Bengali master filmmaker Satyajit Ray details the existential and professional crisis of a beloved matinee idol in 1966's The Hero (Nayak). While the film owes a few debts to the crises, reveries, and nightmares uncovered in Bergman's Wild Strawberries and Fellini's 8 1/2, Ray demonstrates a unique ability for digging deep into his main character in a way that not only exposes him, but adds layered complexity which humanizes and demonizes him at the same time.
Uttam Kumar plays the titular "hero," Arindam Mukherjee, whose onscreen work typically casts him as an unassailable, hyper-competent golden boy. In real life, Arindam has just gotten into a drunken fistfight that has leaked its way into the newspapers. At the same moment, Arindam is set to receive a big-time award in Delhi. He can't score a plane ticket for the thousand-mile trip, so he takes the train.
In the first third of the film, Ray builds the world of the train into a charming microcosm of middle-class life. Passengers gossip and react to the presence of a megastar in their midst. Housewives become coquettish, old men become indignant. In this midst of this ensemble is Aditi Sengupta (Sharmila Tagore), a young intellectual who is trying to get a women-driven magazine off the ground. She is indifferent to "hero" Arindam, as she catches a whiff of bullshit off of him, but she is convinced that an interview with a giant film star might improve her magazine's circulation.
Ray's touch is so light in the early going that one can be forgiven for expecting that this is headed in the direction of a romantic comedy, in which the wounded rake and the head-strong independent woman figure out that they are made for each other. There is chemistry there, but it only helps to inform the surprising and darker direction in which Ray pulls the film.
The change is triggered by a dream sequence. At first, it starts as a goofy lark, with Arindam playing like a child, in a landscape made entirely from mounds of money. But soon, skeletal hands reach up from the mounds of money, spoiling the landscape. The money turns into quicksand, and soon, Arindam is trapped. He reaches for help from a mysterious figure, but he is quickly consumed.
That figure, it turns out, is Arindam's artistic mentor, who disdained the cinema and felt the only way to connect with an audience is through the theater. However you feel about this rivalry -- and let's be clear, Ray is clearly ambivalent about it himself -- Arindam views it now as a betrayal between friends. This triggers a series of flashbacks and visions about Arindam's other betrayals, vendettas, and abuses, in pursuit of power.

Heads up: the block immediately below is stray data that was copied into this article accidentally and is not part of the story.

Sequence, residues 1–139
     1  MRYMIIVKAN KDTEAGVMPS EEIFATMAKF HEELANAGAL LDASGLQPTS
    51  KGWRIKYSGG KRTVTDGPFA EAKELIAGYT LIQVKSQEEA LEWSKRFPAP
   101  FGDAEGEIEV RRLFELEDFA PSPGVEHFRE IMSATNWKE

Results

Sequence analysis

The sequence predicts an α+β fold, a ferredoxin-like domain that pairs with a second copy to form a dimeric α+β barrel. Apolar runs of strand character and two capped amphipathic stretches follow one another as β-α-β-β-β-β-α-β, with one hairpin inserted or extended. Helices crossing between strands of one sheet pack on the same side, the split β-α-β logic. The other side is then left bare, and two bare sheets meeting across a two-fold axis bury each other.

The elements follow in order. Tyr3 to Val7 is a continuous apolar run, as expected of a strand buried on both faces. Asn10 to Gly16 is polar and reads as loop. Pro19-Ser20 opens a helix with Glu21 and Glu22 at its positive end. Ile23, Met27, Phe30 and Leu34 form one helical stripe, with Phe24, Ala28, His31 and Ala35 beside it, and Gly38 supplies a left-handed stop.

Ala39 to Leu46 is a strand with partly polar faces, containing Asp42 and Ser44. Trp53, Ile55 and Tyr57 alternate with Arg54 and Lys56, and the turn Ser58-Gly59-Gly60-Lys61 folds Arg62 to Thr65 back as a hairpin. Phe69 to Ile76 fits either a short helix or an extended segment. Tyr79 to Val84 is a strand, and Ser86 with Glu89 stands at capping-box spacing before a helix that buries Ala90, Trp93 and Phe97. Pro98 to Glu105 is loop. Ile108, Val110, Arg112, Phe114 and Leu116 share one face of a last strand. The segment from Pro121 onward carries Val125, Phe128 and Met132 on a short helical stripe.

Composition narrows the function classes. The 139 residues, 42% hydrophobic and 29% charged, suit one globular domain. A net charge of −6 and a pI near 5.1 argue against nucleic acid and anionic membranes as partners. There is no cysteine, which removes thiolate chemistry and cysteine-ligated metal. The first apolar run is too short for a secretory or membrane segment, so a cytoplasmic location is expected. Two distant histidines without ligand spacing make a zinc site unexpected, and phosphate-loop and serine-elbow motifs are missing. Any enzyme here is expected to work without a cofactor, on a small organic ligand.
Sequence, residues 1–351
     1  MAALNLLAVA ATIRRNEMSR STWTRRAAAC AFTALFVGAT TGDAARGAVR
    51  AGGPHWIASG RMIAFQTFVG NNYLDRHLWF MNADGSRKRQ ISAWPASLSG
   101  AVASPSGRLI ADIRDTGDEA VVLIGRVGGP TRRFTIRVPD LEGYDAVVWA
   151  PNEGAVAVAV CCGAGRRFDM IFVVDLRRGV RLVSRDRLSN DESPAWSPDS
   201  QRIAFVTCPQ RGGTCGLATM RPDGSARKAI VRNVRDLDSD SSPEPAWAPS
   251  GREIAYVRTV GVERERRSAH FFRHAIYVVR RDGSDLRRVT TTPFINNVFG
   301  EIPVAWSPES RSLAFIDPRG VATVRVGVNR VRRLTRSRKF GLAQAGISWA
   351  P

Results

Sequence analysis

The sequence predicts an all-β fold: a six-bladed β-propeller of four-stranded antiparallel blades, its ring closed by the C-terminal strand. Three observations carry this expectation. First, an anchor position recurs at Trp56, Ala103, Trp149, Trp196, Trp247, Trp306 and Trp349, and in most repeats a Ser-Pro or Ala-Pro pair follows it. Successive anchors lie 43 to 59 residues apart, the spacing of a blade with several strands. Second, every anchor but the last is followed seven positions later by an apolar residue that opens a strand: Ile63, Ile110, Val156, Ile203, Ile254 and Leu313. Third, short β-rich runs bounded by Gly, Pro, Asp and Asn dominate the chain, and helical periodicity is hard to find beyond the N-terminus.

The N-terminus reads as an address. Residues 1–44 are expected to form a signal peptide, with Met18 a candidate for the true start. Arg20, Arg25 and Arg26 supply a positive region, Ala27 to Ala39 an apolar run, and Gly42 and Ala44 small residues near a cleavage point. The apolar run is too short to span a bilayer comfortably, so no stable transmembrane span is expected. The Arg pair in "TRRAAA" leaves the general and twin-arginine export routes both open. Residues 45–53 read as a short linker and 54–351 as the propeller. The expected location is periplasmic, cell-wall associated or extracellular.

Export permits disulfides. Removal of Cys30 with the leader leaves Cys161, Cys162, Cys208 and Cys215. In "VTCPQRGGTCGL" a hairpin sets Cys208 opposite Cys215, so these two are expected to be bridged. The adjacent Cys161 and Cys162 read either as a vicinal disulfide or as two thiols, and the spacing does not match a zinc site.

Uttam Kumar, who was already a legendary Bengali star when The Hero was made, beautifully embodies a man who suddenly feels like his place in the world is far more fragile than it has ever been. At first, he swaggers and smiles his way through the train, as if he owned every car. But all that drops away and we see honest confusion and fear, as Arindam remembers turning his back on a political activist friend for fear of bad PR or reflects upon an ill-advised tryst with a wannabe actress. He feels the pedestal upon which he is standing ready to topple at any moment.
Ray also implicates other people on the train for having the same power-hungry weakness. A major subplot involves an advertising man who is so hungry to woo a powerful corporate boss that he entertains the notion of pimping his wife. The punchline is even more bitter: she will do it, if the ad man will talk to Arindam about getting her into movies.
Even the journalist, Miss Sengupta, finds herself drawn in to Arindam's gossip of things he has done wrong. One can see her picturing the subscription money rolling in, as she discreetly transcribes the big star's seedy confessions. But Sharmila Tagore's sweet and forthright performance allows us to hold out hope for Miss Sengupta, that she might transcend such base instincts and not get pulled into the fame game.
Like its main character, The Hero is a film that reveals more layers and grows more compelling and honest as it goes along. We've seen stories like this told on screen before, but usually with more detached cynicism. Ray's film has its share of cynicism and satire, but it is in service of a heartfelt and humane point-of-view. That makes all the difference.